Russia & Georgia: frosty relations thawing?

The Russian and Georgian presidents say they expect relations between the two countries to improve in the foreseeable future. President Putin has met Georgian leader Mikhail Saakashvili for the first time since the latter was re-elected president in Janua

Relations between Russia and Georgia have been difficult since a diplomatic row broke out in late 2006.

Russia put restrictions on Tbilisi, including on trade and on transport.

However, Thursday saw Russia saying it will resume flights between Moscow and Tbilisi if Georgia agrees to pay the bills for air navigation services.

“I know that our aviation authorities have agreed on principle to solve the dispute. I mean, first of all, settling the debts, which will allow us to resume flights between our countries,” Putin said.

“I think that we are beginning to solve the problems of delivering Georgian goods. I think the question is more psychological, but it’s very important for us from the political point of view. There is a whole range of other disputed issues we are bound to settle,”
Mikhail Saakashvili said.

Putin and Saakashvili have also been addressing the issue of the status of Georgia's breakaway republics of Abkhazia and South Ossetia.

The meeting comes ahead of a summit of the Commonwealth of Independent States in the Russian capital.

Earlier today Putin met Moldovan President Vladimir Voronin.

Voronin says he hopes the two countries can find a solution to the issue of Moldova's breakaway republic of Transnistria, which seceded after the fall of the USSR. Putin on his part has confirmed Russia's readiness to settle the issue.

The Russian leader has also met the Tajik President, Emmomali Rakhmon, and assured him that Russia will aid the country after a severe winter in the country.

The past few months have been the coldest in Tajikistan for 25 years and have put the country on the brink of an energy crisis.

Bone of contention  

Russia and Georgia have seen their fair share of rows since the break-up of the Soviet Union but none perhaps quite as bad as the scandal that broke out in late 2006.

It began when Georgia arrested four Russian servicemen on suspicion of spying. What erupted was a full-blown war of accusations, harsh rhetoric and very little dialogue.

On September 27 Georgia announced the arrest of four Russians. They were held in custody and later expelled from the country.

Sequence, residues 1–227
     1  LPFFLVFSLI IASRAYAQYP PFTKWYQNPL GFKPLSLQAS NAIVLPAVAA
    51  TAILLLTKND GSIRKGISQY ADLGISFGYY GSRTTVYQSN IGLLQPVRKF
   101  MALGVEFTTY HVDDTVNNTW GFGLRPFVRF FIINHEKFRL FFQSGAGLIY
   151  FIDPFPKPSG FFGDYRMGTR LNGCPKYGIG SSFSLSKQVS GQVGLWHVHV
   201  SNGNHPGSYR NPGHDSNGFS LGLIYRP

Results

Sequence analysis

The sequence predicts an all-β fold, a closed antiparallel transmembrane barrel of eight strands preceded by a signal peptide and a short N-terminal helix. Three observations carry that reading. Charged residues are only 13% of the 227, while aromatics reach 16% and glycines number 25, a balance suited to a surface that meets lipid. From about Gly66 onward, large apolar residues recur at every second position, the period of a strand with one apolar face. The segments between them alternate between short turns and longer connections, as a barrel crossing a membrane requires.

In return, Russia suspended all rail, road, sea, air and postal links to Georgia. It recalled its ambassador, stopped issuing visas and expanded its ban on Georgian wine and mineral water to include all Georgian agricultural produce.

The following month more than one hundred Georgians, said to be illegally living in Russia, were deported on a cargo plane.

Remains of the controversial missile
Remains of the controversial missile

Relations remained tense, despite several meetings and the return of the Russian ambassador to Georgia to his post at the beginning of 2007.

However, an almost divine breakthrough came later that year as the Georgian Patriarch came to visit his Russian counterpart and with him came resumed direct flights from Moscow to Tbilisi and back, although, these were only operational for the Easter period.

But then another incident came crashing down – this one in the form of a missile on the de-facto border of Georgia and South Ossetia.

Although the missile didn't blow up, what did result was a lot of finger-pointing. Georgia blamed the incident on Russian jets, accusing them of violating airspace.

Russia retaliated and said that Georgia had dropped the missile in order to discredit Moscow.

But now both sides say they're willing to resume ties.

“The current problems can be overcome given both states have the political will for this. Russia has it,” said Vyacheslav Kovalenko, Russian Ambassador to Georgia.

The current meeting between President Putin and Mikhail Saakashvili is another attempt to make relations between the two countries warmer.